‘My heart stopped for 53 minutes’ – how NARS paramedic kept me alive
PUBLISHED: 09:30 03 August 2020 | UPDATED: 14:49 03 August 2020
As part of the #NARSNeedsYou campaign celebrating the 50th anniversary of Norfolk Accident Rescue Service, Geoff Roberts shares how NARS critical care paramedic Ryan Warwick saved his life after a serious heart attack.
On July 20 2019, Geoff Roberts went to bed after enjoying an evening in at his home in Northwold with his wife Dawn and some friends. At approximately 3.45am Dawn woke to find that Geoff was not breathing.
“I’m very lucky my wife is a light sleeper,” Geoff says. “She heard me take one deep breath and then I stopped – she couldn’t wake me.”
A month earlier, builder Geoff, 55, had felt dizzy climbing a ladder at work. After an echocardiogram, doctors noticed he had an irregular heartbeat and fitted a pacemaker. He had been feeling fine until he suffered what has since been diagnosed as a serious cardiac arrest.
Dawn’s actions were vital in maintaining the chain of survival: “Dawn called 999 and they instructed her to give me CPR until help arrived. Because she started CPR straight away, it kept oxygen going to my brain.”
At this moment NARS critical care paramedic Ryan Warwick happened to be driving past Northwold on his way back from King’s Lynn to retrieve a lost radio that the NARS crew had left at a previous job. Ryan took the call and arrived at Geoff’s home within minutes.
“If it had been a normal ambulance, they would have had to take me to hospital, but instead Ryan had the equipment in the back of his car.”
NARS carries advanced equipment that traditional ambulance services do not provide, including the LUCAS chest compression system – a mechanical device that administers CPR automatically. Ryan set the machine going on Geoff so that his hands were free to attend to other matters of advanced life support, such as drugs including magnesium to bring Geoff’s heart into rhythm.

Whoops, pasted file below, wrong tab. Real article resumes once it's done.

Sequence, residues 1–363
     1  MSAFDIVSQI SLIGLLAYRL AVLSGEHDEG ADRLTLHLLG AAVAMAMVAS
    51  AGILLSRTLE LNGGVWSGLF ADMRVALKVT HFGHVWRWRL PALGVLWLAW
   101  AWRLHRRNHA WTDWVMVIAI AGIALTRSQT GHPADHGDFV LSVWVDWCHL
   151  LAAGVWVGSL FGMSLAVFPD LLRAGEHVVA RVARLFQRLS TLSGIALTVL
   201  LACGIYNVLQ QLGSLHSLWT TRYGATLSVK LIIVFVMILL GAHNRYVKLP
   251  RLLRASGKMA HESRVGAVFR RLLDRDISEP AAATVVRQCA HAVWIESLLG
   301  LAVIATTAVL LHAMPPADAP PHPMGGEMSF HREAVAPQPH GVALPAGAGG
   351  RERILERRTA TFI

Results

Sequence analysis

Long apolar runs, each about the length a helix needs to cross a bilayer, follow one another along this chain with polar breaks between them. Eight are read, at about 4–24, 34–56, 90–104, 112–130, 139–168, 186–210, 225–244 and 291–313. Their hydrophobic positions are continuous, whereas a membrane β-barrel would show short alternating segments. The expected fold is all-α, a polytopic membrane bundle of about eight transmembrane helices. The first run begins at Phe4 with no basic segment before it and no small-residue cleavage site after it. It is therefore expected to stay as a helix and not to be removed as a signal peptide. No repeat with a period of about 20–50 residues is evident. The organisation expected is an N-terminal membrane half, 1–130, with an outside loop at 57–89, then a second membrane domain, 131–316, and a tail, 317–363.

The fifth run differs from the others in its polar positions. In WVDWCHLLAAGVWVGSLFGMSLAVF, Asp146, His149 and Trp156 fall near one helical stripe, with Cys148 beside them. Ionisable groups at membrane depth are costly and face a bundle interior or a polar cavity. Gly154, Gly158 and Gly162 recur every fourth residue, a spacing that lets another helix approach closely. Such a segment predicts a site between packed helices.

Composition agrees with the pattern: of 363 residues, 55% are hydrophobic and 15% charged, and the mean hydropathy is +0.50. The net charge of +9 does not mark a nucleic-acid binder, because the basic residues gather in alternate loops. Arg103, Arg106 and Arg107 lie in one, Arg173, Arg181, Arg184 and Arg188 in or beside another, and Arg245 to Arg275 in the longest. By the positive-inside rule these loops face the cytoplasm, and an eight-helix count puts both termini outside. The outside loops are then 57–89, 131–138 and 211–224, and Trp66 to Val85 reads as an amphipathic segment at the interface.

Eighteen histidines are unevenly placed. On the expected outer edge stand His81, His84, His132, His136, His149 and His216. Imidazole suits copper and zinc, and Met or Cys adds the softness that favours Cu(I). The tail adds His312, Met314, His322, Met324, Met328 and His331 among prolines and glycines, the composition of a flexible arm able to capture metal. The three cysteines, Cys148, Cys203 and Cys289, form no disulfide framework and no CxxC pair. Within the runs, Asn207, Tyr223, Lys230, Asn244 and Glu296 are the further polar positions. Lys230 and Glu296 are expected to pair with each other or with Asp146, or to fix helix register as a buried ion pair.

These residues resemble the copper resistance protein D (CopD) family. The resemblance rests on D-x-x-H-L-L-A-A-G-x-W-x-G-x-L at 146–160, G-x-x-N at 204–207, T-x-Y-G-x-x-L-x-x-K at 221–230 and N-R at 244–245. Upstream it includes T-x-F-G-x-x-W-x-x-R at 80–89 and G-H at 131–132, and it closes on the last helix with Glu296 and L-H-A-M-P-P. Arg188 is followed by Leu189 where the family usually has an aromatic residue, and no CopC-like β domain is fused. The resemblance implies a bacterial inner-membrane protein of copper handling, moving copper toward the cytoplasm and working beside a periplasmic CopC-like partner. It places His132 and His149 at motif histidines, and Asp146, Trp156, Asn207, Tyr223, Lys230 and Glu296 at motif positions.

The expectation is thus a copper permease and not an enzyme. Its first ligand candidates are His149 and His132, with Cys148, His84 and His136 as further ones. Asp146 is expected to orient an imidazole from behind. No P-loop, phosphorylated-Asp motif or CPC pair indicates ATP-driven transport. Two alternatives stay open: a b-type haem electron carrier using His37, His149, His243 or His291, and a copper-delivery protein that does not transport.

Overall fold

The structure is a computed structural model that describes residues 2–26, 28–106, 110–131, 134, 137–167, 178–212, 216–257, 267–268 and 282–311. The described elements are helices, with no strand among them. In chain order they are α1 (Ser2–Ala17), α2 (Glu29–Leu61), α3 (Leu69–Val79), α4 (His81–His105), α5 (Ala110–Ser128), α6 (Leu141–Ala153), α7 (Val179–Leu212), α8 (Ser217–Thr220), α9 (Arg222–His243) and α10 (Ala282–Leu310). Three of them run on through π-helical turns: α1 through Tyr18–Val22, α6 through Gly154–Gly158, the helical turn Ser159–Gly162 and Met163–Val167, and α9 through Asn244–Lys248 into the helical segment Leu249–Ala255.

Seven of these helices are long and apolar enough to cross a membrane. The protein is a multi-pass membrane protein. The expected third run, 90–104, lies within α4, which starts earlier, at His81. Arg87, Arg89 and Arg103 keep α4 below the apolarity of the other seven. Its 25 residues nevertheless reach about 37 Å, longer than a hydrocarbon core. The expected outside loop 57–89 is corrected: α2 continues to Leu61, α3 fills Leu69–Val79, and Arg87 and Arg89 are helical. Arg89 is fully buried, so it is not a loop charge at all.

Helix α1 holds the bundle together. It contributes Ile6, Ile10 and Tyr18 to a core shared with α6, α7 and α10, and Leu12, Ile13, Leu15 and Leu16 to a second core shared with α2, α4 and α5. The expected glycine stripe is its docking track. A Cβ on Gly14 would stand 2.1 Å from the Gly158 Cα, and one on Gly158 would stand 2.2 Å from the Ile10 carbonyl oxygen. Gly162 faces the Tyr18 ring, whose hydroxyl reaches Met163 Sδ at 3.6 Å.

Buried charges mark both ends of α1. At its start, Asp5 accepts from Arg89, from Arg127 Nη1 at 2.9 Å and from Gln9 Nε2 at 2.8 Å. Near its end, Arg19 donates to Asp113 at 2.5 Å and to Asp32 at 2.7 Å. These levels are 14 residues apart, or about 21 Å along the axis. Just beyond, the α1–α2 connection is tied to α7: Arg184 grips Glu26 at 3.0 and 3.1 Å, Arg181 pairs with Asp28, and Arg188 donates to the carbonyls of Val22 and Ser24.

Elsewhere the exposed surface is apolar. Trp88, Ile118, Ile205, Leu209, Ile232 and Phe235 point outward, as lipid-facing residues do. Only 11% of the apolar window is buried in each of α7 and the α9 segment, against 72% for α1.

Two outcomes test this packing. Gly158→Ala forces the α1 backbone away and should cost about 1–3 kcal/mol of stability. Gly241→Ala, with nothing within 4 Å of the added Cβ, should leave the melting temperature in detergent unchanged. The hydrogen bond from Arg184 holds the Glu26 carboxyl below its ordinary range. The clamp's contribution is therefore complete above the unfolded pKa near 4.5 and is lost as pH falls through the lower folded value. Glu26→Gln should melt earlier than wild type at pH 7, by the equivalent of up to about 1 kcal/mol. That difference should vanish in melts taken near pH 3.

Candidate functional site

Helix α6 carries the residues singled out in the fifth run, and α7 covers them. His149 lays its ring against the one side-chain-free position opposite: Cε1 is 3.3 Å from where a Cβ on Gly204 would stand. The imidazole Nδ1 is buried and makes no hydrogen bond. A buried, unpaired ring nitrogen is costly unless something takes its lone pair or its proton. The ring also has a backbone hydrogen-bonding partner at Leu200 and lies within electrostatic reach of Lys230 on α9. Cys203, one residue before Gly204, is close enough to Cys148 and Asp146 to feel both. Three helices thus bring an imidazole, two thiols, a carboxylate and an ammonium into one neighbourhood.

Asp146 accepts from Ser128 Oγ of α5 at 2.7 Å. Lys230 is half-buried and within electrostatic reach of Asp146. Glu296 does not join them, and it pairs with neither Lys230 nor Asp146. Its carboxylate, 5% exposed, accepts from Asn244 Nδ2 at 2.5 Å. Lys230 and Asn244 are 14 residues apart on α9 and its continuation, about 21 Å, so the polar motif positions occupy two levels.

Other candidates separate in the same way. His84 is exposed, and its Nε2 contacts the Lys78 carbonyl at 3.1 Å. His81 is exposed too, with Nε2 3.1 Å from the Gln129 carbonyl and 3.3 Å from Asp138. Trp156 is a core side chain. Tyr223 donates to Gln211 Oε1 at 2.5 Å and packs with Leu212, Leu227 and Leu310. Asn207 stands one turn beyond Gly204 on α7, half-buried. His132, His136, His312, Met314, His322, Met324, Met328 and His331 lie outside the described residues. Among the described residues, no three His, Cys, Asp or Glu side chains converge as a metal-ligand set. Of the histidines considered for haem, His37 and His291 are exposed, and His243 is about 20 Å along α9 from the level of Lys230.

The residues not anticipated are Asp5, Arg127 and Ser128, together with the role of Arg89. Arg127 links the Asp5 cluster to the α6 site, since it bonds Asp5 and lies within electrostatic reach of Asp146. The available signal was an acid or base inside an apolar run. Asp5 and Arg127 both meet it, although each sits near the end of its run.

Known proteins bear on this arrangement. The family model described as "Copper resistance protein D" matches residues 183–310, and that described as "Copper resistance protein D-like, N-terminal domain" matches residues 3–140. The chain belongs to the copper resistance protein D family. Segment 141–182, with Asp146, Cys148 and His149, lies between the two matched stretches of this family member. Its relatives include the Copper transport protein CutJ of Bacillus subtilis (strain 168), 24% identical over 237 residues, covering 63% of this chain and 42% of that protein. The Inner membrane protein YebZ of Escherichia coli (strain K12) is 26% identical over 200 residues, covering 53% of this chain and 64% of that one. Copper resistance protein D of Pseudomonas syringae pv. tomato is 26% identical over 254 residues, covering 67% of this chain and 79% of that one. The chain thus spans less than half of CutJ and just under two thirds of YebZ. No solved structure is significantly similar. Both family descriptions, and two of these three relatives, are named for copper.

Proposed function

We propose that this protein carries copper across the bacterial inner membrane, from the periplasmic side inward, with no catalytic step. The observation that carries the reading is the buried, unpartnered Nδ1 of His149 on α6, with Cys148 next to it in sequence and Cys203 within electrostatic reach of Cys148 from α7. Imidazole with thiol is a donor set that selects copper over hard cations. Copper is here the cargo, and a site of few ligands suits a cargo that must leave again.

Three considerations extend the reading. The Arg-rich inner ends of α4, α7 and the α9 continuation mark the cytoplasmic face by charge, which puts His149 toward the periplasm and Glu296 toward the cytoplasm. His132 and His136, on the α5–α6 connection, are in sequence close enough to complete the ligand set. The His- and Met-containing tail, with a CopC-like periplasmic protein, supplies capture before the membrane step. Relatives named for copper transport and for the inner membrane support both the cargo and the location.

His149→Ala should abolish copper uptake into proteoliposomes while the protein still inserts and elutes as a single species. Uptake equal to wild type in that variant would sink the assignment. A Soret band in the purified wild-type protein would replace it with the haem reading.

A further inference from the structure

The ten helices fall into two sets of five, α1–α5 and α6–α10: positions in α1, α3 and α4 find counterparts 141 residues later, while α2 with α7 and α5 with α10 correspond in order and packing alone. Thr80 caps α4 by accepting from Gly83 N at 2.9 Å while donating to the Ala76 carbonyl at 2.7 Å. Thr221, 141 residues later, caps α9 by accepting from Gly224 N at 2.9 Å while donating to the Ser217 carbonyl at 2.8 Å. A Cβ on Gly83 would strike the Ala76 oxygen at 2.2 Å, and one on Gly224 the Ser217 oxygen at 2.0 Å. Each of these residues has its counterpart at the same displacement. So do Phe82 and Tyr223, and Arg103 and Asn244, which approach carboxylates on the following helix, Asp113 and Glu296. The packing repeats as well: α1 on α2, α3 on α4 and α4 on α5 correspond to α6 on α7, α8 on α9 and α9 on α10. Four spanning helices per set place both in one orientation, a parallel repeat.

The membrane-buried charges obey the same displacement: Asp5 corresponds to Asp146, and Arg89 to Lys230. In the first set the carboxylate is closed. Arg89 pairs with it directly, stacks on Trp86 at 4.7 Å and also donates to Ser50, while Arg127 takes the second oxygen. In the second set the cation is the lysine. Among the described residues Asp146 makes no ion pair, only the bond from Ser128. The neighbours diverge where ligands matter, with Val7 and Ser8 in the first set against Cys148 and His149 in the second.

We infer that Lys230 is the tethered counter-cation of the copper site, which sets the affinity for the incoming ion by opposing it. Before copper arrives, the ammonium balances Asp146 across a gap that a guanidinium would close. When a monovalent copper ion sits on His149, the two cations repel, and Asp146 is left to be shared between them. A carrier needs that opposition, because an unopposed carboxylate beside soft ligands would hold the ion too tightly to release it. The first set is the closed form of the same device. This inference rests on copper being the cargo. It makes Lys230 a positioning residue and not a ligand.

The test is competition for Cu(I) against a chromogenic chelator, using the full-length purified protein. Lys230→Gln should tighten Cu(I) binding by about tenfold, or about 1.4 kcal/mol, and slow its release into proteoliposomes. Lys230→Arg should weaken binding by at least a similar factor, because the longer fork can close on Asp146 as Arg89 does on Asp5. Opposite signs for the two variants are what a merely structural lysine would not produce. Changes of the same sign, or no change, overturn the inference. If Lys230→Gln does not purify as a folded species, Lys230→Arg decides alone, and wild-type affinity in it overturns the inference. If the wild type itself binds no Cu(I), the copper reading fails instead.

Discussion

Ryan also administered 26 shocks with a defibrillator in an attempt to restart Geoff’s heartbeat, which stopped for 53 minutes in total. “He fought nail and tooth to bring me back,” Geoff says. “If he hadn’t gone back for that radio it might have been a different story.”
But in an incredible twist of fate, it turned out that the lost radio was under the seat in Ryan’s car all along.
Geoff was taken to Norfolk and Norwich University Hospital where he was in an induced coma for two days. After having a new pacemaker with defibrillation fitted, he remained in hospital for one month, but with the support of his family and friends he made a full recovery.
“I would just like to thank everyone at NARS,” Geoff says. “They dedicate their spare time to saving people. They even use their own cars!
“Unless something happens to you, you don’t realise how important they are. I’m only here because of these people. I cannot speak about them highly enough.”
Nowadays, Geoff says he feels great, although he’s had to pause his love of restoring classic cars as welding interferes with his pacemaker. And he was pleased to see Ryan recently when the paramedic was invited to a family barbeque celebrating one year since the incident – Geoff’s ‘new birthday’.
“It validates everything we do when you see someone – who was technically dead when I got to him – is now back to normality,” says NARS paramedic Ryan. “He’s got years with his family that he wouldn’t have had without NARS.”
“What do you say to the man that saved your life?” Geoff wonders. “I just hugged him.”
NARS only exists thanks to the generous donations of the people of Norfolk. Please consider making a donation so that stories like Geoff’s have a happy ending.
For more information or to make a donation please visit nars.org.uk
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